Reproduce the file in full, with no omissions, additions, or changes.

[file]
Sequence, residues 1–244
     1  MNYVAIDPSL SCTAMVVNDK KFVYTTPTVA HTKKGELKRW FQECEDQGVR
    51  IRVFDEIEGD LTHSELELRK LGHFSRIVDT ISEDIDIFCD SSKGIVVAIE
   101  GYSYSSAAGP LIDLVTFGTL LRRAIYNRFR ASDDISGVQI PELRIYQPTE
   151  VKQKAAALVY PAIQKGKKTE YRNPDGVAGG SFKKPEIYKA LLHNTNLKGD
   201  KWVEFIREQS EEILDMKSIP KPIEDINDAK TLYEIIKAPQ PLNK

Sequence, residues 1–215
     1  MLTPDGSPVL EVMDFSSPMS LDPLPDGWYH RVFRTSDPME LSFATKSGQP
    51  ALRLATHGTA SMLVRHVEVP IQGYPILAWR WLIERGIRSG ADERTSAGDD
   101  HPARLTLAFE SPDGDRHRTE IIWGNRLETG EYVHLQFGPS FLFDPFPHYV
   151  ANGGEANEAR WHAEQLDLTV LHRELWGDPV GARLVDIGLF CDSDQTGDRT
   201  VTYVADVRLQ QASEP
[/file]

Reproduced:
Sequence, residues 1–244
     1  MNYVAIDPSL SCTAMVVNDK KFVYTTPTVA HTKKGELKRW FQECEDQGVR
    51  IRVFDEIEGD LTHSELELRK LGHFSRIVDT ISEDIDIFCD SSKGIVVAIE
   101  GYSYSSAAGP LIDLVTFGTL LRRAIYNRFR ASDDISGVQI PELRIYQPTE
   151  VKQKAAALVY PAIQKGKKTE YRNPDGVAGG SFKKPEIYKA LLHNTNLKGD
   201  KWVEFIREQS EEILDMKSIP KPIEDINDAK TLYEIIKAPQ PLNK

Sequence, residues 1–215
     1  MLTPDGSPVL EVMDFSSPMS LDPLPDGWYH RVFRTSDPME LSFATKSGQP
    51  ALRLATHGTA SMLVRHVEVP IQGYPILAWR WLIERGIRSG ADERTSAGDD
   101  HPARLTLAFE SPDGDRHRTE IIWGNRLETG EYVHLQFGPS FLFDPFPHYV
   151  ANGGEANEAR WHAEQLDLTV LHRELWGDPV GARLVDIGLF CDSDQTGDRT
   201  VTYVADVRLQ QASEP